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Sean McVay: Rams ‘have to wipe the slate clean’ ahead of 2018 season

The Los Angeles Rams, led by first-year head coach Sean McVay — the youngest ever in NFL history — far exceeded expectations in 2017.

And now that the team made a huge splash in recent months courtesy of several high-profile additions to an already formidable roster, McVay is making it clear the Rams “have to wipe the slate clean” as the team this week entered Phase I of its  offseason program.

McVay got things started this week by distributing t-shirts to Rams players, coaches and staff that boast the slogan, “We Not Me,” a team-first mantra that features buzzwords like “poise,” “confidence” and “consistency.”

The stakes are high for the Rams in 2018, not only for the team to build on its success last season —  winning the NFC West for the first time since 2003 with an 11-5 record — but also due to how the roster experienced significant upgrades.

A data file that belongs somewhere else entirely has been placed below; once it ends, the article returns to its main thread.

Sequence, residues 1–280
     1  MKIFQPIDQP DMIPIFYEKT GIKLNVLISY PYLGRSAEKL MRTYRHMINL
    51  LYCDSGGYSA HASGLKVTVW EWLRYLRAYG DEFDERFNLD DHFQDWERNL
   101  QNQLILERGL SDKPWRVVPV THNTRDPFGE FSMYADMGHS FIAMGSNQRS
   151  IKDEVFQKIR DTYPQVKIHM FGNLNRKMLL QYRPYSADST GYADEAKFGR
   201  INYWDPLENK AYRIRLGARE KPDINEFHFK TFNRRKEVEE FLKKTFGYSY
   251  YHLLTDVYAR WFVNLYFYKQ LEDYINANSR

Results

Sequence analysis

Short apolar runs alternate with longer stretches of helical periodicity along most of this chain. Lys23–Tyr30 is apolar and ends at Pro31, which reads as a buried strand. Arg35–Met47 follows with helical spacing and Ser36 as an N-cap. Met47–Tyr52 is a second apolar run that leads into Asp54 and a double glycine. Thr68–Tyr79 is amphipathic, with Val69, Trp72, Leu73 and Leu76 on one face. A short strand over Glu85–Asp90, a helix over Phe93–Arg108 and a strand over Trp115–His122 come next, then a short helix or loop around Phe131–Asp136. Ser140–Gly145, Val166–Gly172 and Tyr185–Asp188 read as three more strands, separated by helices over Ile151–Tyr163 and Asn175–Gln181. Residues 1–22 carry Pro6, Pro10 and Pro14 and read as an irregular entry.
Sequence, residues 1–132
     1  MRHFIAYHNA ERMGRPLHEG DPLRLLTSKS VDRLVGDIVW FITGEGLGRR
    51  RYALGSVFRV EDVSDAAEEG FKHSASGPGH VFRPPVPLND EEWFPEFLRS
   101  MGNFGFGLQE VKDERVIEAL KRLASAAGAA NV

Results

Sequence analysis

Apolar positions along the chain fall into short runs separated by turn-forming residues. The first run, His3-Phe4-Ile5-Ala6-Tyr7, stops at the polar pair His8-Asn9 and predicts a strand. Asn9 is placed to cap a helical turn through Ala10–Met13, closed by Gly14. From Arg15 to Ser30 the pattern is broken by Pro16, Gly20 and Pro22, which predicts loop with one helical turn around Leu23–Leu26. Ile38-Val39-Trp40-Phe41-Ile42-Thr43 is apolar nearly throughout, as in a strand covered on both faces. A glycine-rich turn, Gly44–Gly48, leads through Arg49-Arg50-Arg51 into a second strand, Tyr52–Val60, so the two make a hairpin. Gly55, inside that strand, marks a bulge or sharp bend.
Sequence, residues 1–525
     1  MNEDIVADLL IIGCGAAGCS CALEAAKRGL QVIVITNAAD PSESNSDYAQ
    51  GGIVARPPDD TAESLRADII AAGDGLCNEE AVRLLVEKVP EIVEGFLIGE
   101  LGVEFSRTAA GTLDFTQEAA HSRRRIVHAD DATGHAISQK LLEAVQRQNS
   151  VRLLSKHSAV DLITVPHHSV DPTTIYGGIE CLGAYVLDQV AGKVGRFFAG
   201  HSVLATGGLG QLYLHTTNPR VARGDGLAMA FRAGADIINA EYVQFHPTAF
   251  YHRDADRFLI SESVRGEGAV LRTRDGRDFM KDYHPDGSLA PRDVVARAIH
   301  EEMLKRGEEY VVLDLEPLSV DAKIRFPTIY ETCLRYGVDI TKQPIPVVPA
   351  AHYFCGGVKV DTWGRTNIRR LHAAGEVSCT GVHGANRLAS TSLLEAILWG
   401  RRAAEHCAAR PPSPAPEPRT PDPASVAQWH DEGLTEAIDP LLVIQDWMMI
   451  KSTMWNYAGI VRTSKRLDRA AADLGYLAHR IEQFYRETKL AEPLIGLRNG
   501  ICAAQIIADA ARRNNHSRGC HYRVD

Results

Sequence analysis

The Rams this offseason have brought in cornerbacks Aqib Talib and Marcus Peters, defensive lineman Ndamukong Suh and wide receiver Brandin Cooks, creating an even more dangerous lineup on both sides of the ball than the one the team boasted last season.

“We’re excited about it; we’re optimistic,” McVay, 32, said of the Rams’ roster, via ESPN. “But we know that it’s a process, and that process is one day at a time.”

However, McVay is preaching levelheaded focus and appears wary that the team will use last season’s success as a reason for overconfidence.

“What we did last year, really, you have to wipe the slate clean,” McVay said. “We have to earn it every single day. There’s a confidence that exists from having some previous experience where you were able to obtain a little bit of success. But this league is too competitive; the players are too good. You’ll get humbled very quickly if you kind of just rest on your laurels.”

The Rams will not be able to sneak up on teams in 2018 as perhaps the team did last season. Pair that with a first-place schedule and the pressure is undoubtedly on the Rams. Hence the need for the “We Not Me” credo.